Research: driving and disability

R
EpubMarino M et al. Interventions to evaluate fitness to drive among people with chronic conditions: Systematic review of literature.Accid Anal Prev. 2012 May 31.

Background: When a health condition has been identified, the question of whether to continue driving depends not on a medical diagnosis, but on the functional consequences of the illness. The complex nature of physical and mental impairments and their relationship with safe driving make the availability of evidence based tools necessary for health professionals.

Aims: The review aims at identifying and summarizing scientific findings concerning the relationship between neuropsychological and clinical screening tests and fitness to drive among people with chronic conditions.

Methods: Studies were searched for driving ability evaluation by road test or simulator, clinical/neuropsychological examinations of participants with chronic diseases or permanent disablement impairing driving performance, primary outcomes as fatal/non-fatal traffic injuries and secondary outcomes as fitness to drive assessment.

Results: Twenty-seven studies fulfilled the inclusion criteria. Some studies included more than one clinical condition. The illness investigated were Alzheimer Disease (n=6), Parkinson Disease (n=8), Cardiovascular Accident (n=4), Traumatic Brain Injuries (n=3), Sleep Apnea Syndrome (n=2), Narcolepsy (n=1), Multiple Sclerosis (n=1) and Hepatic Encephalopathy (n=1), comorbidities (n=3). No studies match inclusion criteria about Myasthenia Gravis, Diabetes Mellitus, Renal Diseases, Hearing Disorders and Sight Diseases. No studies referred to primary outcomes. The selected studies provided opposite evidences. It would be reasonable to argue that some clinical and neuropsychological tests are effective in predicting fitness to drive even if contrasting results support that driving performance decreases as a function of clinical and neuropsychological decline in some chronic diseases.

Conclusion: Nevertheless we found no evidence that clinical and neuropsychological screening tests would lead to a reduction in motor vehicle crashes involving chronic disabled drivers. It seems necessary to develop tests with proven validity for identifying high-risk drivers so that physicians can provide guidance to their patients in chronic conditions, and also to medical advisory boards working with licensing offices.



“Driving is a difficult issue. It is clear that some MSers can’t drive, whilst other are fine. The difficult group are the ones in the middle. We tend to send them to specialised assessment centres to see if they are capable of driving or not. I have always had reservations about some of the assessments that come back and the findings of this review supports my impressions. We need better assessment tools. Driving safety in MS is a complex issue and when some MSers need to drive to remain employed, or connected socially, taking away their driving license is a massive step.”

“Are there any experiences you would like to share with us?”

About the author

Prof G

Professor of Neurology, Barts & The London. MS & Preventive Neurology thinker, blogger, runner, vegetable gardener, husband, father, cook and wine & food lover.

6 comments

  • i don't drive anymore and it is really depressing! my optician says my eyes are driving standard and she would pass me but she doesn't understand how bright light makes my vision worse by reducung the acuity slightly or how the heat does the same thing.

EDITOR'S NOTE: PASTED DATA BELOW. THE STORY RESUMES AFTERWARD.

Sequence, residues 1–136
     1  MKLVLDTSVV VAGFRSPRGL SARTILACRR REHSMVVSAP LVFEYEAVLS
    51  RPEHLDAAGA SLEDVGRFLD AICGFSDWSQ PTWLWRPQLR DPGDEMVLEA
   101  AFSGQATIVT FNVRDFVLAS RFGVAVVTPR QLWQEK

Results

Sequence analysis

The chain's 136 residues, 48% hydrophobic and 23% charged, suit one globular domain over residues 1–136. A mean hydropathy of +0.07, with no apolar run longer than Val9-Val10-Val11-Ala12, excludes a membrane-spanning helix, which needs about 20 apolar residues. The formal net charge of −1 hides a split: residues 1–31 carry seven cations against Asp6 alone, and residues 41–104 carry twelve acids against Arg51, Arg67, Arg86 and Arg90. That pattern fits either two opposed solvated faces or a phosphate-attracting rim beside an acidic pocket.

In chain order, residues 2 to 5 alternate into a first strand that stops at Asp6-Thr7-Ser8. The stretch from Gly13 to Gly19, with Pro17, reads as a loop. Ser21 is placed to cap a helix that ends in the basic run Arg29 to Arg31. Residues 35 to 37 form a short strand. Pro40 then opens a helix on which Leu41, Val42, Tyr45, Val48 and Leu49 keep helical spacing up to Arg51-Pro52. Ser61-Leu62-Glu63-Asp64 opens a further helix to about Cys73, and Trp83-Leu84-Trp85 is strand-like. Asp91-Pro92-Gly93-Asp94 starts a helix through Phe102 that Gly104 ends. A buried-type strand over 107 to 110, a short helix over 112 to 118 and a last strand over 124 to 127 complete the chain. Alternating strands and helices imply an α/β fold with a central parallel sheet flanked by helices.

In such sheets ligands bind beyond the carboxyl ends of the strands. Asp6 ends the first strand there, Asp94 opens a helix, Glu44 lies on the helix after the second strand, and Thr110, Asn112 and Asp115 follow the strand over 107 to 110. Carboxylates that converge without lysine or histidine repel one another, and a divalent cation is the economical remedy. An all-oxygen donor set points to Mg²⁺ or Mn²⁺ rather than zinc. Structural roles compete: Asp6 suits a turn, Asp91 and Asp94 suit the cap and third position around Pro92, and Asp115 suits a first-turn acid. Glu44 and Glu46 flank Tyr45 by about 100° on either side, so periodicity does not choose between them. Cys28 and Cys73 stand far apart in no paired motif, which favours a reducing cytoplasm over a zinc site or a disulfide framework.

• Re: "my optician says my eyes are driving…"

    You need to see an ophthalmologist; you may still be able to drive!

  • I am affected down one side, and don'tt currently drive. However when my motability 'contract' is up on the current car, I'm going to check out having an assessment to enable me to drive. Oh the freedom …

  • Hello,

    I was told to stop driving by my neurologist 'cos my eyes do not move together. Look to the right and right eye moves but left one won't and vice versa. Also I've got double vision. (Are these problems related?) Whilst being told to stop driving was a major blow, inwardly I was quite relieved.

    I'm quite lucky because there is good public transport, I'm still sort-of mobile (I can stagger a few hundred metres) and I have got a very light mobility scooter that I can take anywhere.

    So I'm disapointed that I can not drive but I survive

  • what could an opthalmologist do for me to help me drive again? my optician says the MS could be affecting the pupils and they look too dilated in the light affecting the acuity. she says im 6/6 in one eye and the other is only slightly worse

  • The biggest reason I can't drive is that my proprioception is shot. At first I just couldn't manage a standard transmission (left foot couldn't find or get leverage on the clutch). We bought an automatic, but that only lasted for about a year. I was mostly all right in motion, but I either started too slowly or jackrabbited. Then my knee started locking up when I went to brake. That scared me too much, along with one incident, thankfully in a parking lot, where my foot completely missed the brake several times. I'm just glad I didn't wait too long.

    At the time we lived in a state that required an assessment and special driving lessons before you could have hand controls installed in your car. This would have required a lot of money beyond the cost of the hand controls plus the time off work to drive an hour there and an hour back (for two people since the whole problem was that I couldn't drive). I just couldn't justify the expense, especially for what might be yet another short-term adaptation since my hands are not exactly reliable, either. I am currently working on getting a scooter that I hope will make it easier for me to use public transportation.

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